Aging gays fuel specialized housing marketIsn't it sad, though, that this couple, along with countless hundreds (perhaps thousands) of others have to find a "special" place to be who they are?
By LISA LEFF, Associated Press Writer
Sat Jun 10, 6:28 PM ET
SAN FRANCISCO - Like other gay men in their golden years, Jack Norris and Seymour Sirota had heard the horror stories.
An elderly lesbian couple is housed on separate floors of a nursing home and kept from seeing each other. A gay retired college professor feels compelled to keep his sexual orientation a secret after his roommate at an assisted living facility asks to be transferred.
"I thought, 'We are not going to be in that situation,'" the 67-year-old Norris says crisply. "This is not going to happen to us in our final days."
That's how the two New Yorkers, partners for 14 years, landed at Rainbow Vision, a just-completed senior community in Santa Fe, N.M. From the private dining room named after Truman Capote to the cabaret where '60s teen icon Lesley "It's My Party" Gore was scheduled to appear this weekend, everything about the 146-unit retirement village was designed with the comfort of graying gays and lesbians in mind.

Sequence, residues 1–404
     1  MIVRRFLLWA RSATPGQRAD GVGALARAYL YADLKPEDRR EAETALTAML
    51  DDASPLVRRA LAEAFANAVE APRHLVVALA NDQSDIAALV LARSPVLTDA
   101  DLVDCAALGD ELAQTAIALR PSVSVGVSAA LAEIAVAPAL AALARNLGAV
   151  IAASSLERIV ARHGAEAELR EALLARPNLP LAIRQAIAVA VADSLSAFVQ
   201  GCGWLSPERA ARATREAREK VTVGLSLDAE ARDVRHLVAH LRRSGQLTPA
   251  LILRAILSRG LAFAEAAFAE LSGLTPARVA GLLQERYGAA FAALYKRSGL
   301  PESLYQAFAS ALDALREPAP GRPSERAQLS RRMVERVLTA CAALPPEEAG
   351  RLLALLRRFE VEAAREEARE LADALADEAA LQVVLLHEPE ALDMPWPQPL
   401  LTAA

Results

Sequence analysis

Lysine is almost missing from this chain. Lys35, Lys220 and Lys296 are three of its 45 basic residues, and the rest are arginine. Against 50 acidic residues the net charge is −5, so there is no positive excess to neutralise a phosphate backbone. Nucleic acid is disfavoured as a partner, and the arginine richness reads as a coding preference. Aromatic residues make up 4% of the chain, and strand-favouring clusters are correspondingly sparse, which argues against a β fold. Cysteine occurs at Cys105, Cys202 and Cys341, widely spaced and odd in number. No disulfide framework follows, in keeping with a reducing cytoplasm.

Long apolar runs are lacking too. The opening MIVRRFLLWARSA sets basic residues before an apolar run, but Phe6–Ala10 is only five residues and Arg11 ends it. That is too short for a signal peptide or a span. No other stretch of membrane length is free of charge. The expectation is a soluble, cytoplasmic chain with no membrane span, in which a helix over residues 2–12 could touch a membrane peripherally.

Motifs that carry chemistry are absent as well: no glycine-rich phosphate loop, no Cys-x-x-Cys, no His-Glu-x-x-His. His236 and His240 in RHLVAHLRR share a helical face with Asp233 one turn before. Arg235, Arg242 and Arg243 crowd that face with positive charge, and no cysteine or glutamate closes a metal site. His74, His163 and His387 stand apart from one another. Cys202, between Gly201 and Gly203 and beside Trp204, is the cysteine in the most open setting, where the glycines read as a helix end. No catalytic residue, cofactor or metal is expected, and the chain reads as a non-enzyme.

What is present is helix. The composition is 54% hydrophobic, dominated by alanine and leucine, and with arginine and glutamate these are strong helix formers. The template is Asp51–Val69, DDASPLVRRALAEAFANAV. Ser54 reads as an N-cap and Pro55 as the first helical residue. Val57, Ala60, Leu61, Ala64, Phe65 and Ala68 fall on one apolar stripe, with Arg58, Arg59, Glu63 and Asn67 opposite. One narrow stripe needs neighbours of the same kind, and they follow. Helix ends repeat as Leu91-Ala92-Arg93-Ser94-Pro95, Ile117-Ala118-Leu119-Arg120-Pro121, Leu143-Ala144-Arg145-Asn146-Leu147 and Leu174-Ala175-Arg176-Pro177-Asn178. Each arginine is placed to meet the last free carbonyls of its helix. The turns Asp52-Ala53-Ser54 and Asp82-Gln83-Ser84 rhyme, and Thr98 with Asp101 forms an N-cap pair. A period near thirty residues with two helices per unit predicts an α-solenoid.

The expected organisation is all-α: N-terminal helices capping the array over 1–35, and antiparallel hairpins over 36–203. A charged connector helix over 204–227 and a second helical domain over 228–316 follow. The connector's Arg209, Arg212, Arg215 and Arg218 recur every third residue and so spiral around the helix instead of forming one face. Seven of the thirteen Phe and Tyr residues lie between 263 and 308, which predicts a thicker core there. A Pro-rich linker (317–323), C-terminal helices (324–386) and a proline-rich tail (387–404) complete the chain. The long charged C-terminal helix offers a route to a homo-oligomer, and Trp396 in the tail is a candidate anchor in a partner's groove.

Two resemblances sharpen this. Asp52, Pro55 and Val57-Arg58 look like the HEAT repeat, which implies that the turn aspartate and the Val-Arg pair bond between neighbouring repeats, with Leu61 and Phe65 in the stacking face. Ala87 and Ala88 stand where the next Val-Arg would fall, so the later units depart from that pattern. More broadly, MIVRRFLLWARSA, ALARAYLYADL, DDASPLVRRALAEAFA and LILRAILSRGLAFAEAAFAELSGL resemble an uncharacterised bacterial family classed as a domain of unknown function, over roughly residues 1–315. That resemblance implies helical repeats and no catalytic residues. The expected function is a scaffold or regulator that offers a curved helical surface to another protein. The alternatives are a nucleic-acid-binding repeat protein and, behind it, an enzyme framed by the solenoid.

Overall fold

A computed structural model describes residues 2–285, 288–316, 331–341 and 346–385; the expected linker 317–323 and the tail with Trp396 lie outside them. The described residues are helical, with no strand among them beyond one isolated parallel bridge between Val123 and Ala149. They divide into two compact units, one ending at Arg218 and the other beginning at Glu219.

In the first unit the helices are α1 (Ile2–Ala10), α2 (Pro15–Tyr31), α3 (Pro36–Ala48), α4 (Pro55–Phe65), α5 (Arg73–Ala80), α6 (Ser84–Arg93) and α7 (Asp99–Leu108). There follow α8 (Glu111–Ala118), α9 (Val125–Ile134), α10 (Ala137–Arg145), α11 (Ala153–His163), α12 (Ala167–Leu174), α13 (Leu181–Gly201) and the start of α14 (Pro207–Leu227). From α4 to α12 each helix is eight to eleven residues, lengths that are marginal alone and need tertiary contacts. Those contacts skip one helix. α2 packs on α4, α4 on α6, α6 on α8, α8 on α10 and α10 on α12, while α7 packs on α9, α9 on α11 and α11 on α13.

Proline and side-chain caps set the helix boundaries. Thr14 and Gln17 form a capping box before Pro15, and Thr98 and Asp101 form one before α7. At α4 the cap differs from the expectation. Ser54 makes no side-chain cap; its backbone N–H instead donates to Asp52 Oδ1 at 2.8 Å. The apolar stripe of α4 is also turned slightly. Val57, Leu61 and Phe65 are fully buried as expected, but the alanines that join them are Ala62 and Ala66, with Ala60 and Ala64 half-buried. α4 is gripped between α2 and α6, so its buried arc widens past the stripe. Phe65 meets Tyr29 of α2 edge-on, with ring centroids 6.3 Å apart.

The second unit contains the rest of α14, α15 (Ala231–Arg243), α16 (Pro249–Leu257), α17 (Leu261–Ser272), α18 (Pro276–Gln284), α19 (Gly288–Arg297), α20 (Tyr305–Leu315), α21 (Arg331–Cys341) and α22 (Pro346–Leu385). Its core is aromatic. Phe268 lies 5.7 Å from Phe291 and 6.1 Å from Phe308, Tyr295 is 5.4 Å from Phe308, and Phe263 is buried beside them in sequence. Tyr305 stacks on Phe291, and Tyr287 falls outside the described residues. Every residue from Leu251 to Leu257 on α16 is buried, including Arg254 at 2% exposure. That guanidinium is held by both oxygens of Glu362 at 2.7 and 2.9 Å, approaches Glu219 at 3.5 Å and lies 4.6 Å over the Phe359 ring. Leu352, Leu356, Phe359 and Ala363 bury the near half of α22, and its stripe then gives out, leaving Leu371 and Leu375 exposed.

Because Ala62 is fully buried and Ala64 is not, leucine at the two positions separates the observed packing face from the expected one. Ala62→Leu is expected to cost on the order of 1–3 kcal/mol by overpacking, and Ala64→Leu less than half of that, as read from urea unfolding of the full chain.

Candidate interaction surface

Isn't sad that we live in a society so intolerant that people just can't be and still live among us? That we have to herd them off to "camps" (to put it bluntly), no matter how nice and how appreciative those places might be?
Or, to put it another way:
In such senior-heavy locales as California, Arizona and Florida, as well as less traditionally gay-friendly places like North Carolina and Texas, builders have found a market in a segment of the gay population that worries getting old will mean going back in the closet.Just in case you were a FReeper wondering why gay rights is still such an issue in this country.